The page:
A few exceptionally well-informed and far-seeing individuals manipulated events in the aftermath of the Second World War, so that they gained control of a public relations machine of unprecedented power, according to Richard Milton in his book The Ministry of Spin: How Politicians Became Addicted to the Power of PR. The Ministry of Information had been created by the British Government at the start of the Second World War to counter German propaganda, but it was supposed to be wound up after the war, rather than being appropriated for peacetime political use.

The book describes how Herbert Morrison, the deputy prime-minister in Britain’s post-war Labour Government, secretly re-purposed much of the Ministry of Information machinery, using its propaganda abilities to push through the Labour party’s nationalisation program. Hundreds of skilled media professionals were pressed into service to promote the government’s social engineering schemes.

Although the author also describes how Anthony Eden’s conservative government used similar propaganda techniques to induce support for an unjustified war with Egypt over the Suez Canal, most of the book is devoted to describing the machinations of Clement Attlee’s government and how the mostly sincere believers in social reform justified the use of propaganda, funded at public expense, to persuade the public to support their programs.

It is an interesting tale, demonstrating a strong correlation between government public relations and misuse of public resources. The production of large numbers of government films including animated films forms an interesting part of the story. The book provides a fascinating insight into the misdeeds of a government more than 60 years ago, and leave one wondering how writers in 60 years’ time will view the misdeeds of current governments.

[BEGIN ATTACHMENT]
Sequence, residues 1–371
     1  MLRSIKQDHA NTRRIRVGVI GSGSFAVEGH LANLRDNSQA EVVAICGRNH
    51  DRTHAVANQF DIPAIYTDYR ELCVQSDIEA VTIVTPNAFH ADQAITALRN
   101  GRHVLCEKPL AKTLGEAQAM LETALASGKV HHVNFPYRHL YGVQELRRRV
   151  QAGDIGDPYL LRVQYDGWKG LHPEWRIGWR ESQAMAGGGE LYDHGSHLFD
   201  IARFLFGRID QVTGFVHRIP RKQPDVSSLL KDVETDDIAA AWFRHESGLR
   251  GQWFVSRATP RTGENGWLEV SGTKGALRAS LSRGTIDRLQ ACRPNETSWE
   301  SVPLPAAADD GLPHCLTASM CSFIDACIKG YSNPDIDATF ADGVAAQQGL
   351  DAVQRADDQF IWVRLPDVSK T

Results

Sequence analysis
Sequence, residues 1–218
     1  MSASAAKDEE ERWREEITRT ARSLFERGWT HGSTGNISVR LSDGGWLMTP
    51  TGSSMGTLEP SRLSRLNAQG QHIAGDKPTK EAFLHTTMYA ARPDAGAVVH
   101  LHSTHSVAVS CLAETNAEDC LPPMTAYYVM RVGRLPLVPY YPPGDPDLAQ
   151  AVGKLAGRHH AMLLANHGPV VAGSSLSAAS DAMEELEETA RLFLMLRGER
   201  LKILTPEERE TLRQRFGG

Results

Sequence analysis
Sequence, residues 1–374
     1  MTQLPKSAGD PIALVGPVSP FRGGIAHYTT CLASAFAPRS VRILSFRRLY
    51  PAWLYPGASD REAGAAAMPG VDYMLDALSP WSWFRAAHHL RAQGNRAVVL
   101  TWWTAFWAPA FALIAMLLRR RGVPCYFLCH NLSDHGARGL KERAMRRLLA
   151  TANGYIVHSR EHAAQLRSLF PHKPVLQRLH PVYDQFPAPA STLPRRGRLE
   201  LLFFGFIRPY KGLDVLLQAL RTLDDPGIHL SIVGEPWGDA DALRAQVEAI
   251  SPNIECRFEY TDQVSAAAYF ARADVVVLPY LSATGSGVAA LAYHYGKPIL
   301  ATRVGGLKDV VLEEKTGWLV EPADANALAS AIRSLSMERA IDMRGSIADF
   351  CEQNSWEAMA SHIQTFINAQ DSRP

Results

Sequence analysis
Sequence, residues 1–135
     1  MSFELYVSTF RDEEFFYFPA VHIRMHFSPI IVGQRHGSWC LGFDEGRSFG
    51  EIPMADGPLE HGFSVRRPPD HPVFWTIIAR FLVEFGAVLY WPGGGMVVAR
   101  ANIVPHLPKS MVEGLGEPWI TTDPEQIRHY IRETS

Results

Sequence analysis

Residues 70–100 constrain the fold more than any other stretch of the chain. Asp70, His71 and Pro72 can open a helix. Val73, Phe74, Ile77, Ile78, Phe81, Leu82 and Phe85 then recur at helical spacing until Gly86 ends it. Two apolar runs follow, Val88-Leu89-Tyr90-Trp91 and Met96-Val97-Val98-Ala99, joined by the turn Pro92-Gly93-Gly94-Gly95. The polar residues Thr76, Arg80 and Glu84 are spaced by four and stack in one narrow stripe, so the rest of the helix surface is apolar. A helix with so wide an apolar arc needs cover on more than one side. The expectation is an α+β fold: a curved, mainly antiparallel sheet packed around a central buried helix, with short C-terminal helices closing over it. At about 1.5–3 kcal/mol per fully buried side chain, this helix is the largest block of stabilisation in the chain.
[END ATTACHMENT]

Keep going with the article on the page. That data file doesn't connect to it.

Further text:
In a world of ever-expanding online opportunities, it is essential that we stop treating the Internet as a distraction to be resisted and instead see it as an ally in the battle for focus, productivity, and personal effectiveness. But the Internet can only be your ally when you know how to use online tools effectively: when you start by thinking about your priorities and working style, and then customize your digital toolkit accordingly, according to Alexandra Samuel in her book Working Smarter with Social Media: A Guide to Managing Evernote, Twitter, LinkedIn and Your Email.

My full review of the book is available at my business book reviews website.

Professional services firms have to recognize that they are no longer in business just to provide technically excellent products and services; they need to go the extra mile to anticipate, understand and deliver commercial solutions to their clients, in a manner and style that not only resolves their clients’ challenges, but also delivers a great experience in the process, according to Nigel Clark and Charles Nixon in Professional Services Marketing Handbook: How to Build Relationships, Grow Your Firm and Become a Client Champion.

My full review of the book is available at my business book reviews website.

Does a leader’s character really contribute to the organization’s bottom line, or are strong business results simply a reflection of a solid business model and positive macroeconomic forces? That is one of the questions asked by Fred Kiel in his bookReturn on Character: The Real Reason Leaders and Their Companies Win. The findings of the book are based on a large number of surveys of employees of substantial organizations, concerning their leaders, as well as interviews with the leaders themselves, and also financial information relating to those organizations.